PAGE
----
A Maryland teenager arrested for allegedly conspiring with the Philadelphia-area woman known as "Jihad Jane" spoke about plotting a Columbine-style school attack in a jihadist chat room, according to documents.
The Philadelphia Inquirer reported Mohammad K. was 17 and a senior in high school when he wrote messages to a friend in western Pennsylvania late last year. His full name is not being used because he is a minor.
"I had a lot of thoughts about you today," he wrote. "About us both doing martyrdom operations together in my school. ... It was like we both were in a big truck and had guns and we were shooting randomly at a huge crowd of kids."
The friend, Pennsylvania State University student Emerson Begolly, is the same man The Blaze reported on in January, who was arrested for having contact with people accused of terror-related crimes and was shown in a video firing an AK-47 while shouting "Allahu akbar!"
During the Nov. 22 chat, Mohammed told Begolly he lived near National Security Agency headquarters in Fort Meade, Md.
"The place where I live is a HOTBED of NSA and all the security agencies of Amrika [sic]," Mohammed wrote. "And the kids who study in my school proudly state that their parents work in NSA and FBI, and even carry key chains - piss me off."
"Like Columbine?" Begolly asked.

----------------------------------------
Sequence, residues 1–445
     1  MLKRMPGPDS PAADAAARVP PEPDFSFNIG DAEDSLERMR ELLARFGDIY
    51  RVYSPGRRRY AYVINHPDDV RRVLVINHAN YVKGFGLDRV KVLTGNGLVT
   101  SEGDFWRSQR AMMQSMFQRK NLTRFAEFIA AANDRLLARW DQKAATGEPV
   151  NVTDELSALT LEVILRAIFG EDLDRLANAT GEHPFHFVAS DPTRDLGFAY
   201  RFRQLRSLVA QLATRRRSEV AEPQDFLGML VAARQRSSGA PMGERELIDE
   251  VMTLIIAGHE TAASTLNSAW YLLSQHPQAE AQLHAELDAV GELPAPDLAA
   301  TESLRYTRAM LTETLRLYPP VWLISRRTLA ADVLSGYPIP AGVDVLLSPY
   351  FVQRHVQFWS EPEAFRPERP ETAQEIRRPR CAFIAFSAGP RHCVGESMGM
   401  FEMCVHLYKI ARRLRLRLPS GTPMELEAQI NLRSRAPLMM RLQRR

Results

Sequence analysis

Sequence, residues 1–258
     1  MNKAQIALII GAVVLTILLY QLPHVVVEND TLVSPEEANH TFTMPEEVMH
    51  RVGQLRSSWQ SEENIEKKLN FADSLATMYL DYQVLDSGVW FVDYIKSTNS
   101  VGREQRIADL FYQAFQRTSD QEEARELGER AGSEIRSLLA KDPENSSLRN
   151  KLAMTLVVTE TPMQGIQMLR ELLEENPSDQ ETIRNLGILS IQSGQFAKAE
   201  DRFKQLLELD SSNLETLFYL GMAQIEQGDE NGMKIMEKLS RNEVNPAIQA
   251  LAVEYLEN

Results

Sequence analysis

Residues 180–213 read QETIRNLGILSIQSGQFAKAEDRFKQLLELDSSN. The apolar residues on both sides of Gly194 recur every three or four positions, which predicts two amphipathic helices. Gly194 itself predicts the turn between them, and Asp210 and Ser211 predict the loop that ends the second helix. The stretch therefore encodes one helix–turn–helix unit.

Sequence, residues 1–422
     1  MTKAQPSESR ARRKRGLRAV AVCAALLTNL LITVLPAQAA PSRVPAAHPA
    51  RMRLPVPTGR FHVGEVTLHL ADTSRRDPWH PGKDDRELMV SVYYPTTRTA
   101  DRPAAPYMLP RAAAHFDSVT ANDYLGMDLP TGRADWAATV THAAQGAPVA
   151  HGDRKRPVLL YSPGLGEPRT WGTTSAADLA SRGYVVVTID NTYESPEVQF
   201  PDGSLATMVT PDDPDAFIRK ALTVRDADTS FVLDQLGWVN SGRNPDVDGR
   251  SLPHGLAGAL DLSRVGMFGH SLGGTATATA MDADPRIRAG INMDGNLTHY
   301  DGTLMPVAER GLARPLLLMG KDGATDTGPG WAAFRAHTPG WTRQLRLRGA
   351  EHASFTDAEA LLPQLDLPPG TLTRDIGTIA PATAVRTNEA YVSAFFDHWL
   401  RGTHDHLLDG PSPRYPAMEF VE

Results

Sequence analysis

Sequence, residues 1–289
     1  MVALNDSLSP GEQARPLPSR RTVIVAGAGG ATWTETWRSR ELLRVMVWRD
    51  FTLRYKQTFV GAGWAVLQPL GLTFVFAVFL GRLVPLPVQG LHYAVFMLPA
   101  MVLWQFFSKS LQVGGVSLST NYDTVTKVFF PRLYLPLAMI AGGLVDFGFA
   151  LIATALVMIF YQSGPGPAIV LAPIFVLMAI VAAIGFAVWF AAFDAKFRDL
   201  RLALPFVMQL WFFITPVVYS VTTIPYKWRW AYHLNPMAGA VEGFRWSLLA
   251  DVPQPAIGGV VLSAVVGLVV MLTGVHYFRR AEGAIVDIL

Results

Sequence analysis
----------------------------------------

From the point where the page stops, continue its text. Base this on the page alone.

"Na'am, lol" Mohammed wrote, using the Arabic word for "yes" and Internet slang for "laughing out loud."
It could not be determined Saturday whether the authorities took any immediate action based on the threatening remarks, which were reported to the FBI by an anti-jihadist group's blog, "The Jawa Report."
According to the Associated Press, Mohammad was secretly arrested last month and charged with soliciting funds and recruits for 48-year-old Colleen LaRose, who dubbed herself "Jihad Jane." LaRose has pleaded guilty to charges she plotted to kill a Swedish artist who offended Muslims and faces a possible life sentence.
Mohammad had accepted a full scholarship to Johns Hopkins University for this fall but remains in custody.
According to LaRose's indictment, she met the teen online when he was 15. He came to the U.S. four years ago from Pakistan and lived with his strict, education-focused family in suburban Baltimore. His older brother is a college student, and his parents are legal residents.
The indictment said he solicited money for LaRose online and circulated a questionnaire to at least one woman asking about "her beliefs and intentions with regard to jihad," and if she had a European passport.
In soliciting funds, he said he would forward money to LaRose, for her to pass on to the jihadists, authorities said.
"I know the sister and by Allah, all money will be transferred to her. The sister will then transfer the money to the brother via a method that I will not disclose," he wrote in July 2009, according to the indictment.
He is the rare juvenile to be charged or held in federal custody. His case is pending and may be moved to adult court when he turns 18 next month.
Information from the Associated Press was used in this report.